It was a few years ago on Loch Morlich in Scotland where I encountered what I think is a female Spatula querquedula. The species is listed as least concern on the Red List, but numbers are in decline and threats are aplenty:
- habitat deterioration and destruction (dam building, irrigation)
- destruction of nests through meadow mowing
- lead poisoning
- hunting (eg in France)
A male and female Mergellus albellus were taking a nap at Regents Park, London. The number of the birds are decreasing, among other things because of logging of mature trees along rivers and river canalisation.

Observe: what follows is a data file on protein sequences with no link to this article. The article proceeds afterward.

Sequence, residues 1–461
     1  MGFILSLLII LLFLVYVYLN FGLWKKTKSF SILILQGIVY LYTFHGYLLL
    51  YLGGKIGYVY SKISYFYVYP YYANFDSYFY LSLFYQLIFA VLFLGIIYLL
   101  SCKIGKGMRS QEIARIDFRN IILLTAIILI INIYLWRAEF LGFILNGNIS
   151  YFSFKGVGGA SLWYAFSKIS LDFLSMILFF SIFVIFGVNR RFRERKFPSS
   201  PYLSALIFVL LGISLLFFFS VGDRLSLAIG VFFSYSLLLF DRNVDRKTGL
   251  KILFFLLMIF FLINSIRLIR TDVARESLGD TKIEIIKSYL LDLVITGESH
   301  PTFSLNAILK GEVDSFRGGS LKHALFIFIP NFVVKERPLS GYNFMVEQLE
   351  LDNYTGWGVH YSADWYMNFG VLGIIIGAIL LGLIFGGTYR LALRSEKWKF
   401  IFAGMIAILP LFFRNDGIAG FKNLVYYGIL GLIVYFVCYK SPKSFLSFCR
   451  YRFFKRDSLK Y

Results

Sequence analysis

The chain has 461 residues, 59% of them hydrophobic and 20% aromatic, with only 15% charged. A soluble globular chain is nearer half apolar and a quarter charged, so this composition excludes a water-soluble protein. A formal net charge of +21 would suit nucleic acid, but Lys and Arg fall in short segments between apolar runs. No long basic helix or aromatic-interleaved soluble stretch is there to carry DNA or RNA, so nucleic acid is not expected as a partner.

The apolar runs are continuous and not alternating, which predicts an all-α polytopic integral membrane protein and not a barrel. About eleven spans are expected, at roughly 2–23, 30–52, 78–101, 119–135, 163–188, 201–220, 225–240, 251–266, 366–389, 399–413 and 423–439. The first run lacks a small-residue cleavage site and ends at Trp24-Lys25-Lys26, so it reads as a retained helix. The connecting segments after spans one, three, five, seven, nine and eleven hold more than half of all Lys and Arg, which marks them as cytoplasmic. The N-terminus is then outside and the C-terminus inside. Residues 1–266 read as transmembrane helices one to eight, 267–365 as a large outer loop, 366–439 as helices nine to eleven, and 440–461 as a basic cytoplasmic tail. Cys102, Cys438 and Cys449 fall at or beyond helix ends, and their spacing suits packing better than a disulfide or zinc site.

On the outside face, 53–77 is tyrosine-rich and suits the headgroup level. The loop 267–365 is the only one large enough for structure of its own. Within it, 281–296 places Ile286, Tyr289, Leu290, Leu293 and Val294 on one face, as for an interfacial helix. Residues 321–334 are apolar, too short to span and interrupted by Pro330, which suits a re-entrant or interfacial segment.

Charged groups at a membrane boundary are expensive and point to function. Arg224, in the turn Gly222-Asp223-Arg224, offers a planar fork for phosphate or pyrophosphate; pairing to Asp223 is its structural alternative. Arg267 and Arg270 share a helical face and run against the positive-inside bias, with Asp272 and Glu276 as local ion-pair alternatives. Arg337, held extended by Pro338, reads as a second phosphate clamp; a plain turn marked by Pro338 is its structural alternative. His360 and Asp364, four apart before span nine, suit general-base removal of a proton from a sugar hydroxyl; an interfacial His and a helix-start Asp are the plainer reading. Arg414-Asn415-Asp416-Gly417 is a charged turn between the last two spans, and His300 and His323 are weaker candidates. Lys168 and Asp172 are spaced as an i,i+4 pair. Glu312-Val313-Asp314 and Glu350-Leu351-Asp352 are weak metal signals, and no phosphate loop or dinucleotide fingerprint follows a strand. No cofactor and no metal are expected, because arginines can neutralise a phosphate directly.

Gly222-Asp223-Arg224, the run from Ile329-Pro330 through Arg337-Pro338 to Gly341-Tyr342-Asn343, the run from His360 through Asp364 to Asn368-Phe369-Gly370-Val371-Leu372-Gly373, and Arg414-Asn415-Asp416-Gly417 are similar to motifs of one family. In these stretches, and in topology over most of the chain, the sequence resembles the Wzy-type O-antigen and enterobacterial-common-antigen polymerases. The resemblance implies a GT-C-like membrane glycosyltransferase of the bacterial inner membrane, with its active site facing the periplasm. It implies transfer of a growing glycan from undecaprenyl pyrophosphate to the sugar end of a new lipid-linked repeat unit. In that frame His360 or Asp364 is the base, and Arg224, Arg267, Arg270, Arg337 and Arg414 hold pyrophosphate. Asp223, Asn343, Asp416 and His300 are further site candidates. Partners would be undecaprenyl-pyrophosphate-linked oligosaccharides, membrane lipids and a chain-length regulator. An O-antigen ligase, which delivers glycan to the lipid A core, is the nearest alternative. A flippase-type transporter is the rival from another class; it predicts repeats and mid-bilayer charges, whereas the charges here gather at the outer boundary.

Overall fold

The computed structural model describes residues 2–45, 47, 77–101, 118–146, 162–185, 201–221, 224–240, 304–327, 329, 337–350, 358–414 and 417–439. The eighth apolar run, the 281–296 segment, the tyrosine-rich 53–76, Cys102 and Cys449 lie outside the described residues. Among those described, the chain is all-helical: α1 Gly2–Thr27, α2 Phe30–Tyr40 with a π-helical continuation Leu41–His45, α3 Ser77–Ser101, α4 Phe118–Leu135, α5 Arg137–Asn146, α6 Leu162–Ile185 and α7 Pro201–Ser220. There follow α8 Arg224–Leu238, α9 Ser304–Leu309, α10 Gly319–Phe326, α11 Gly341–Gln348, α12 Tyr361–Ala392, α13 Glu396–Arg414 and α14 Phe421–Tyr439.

There are about 10 000 species of modern-day dinosaurs extant and this week’s number 151 is Macronectes giganteus which I saw while crossing the Drake Passage from Antarctica to South America. The birds are endangered by fishing, both long-line and trawl.
I find Ardea cinerea fascinating. If you’ve ever watched one hunting you might understand why. This particular bird was finding food on the outskirts of Oxford.
On the other hand, their hunting skills are why the birds are persecuted in some areas. Another danger to them is the cutting of trees because they build their nests high up and they nest in colonies, so many birds are affected.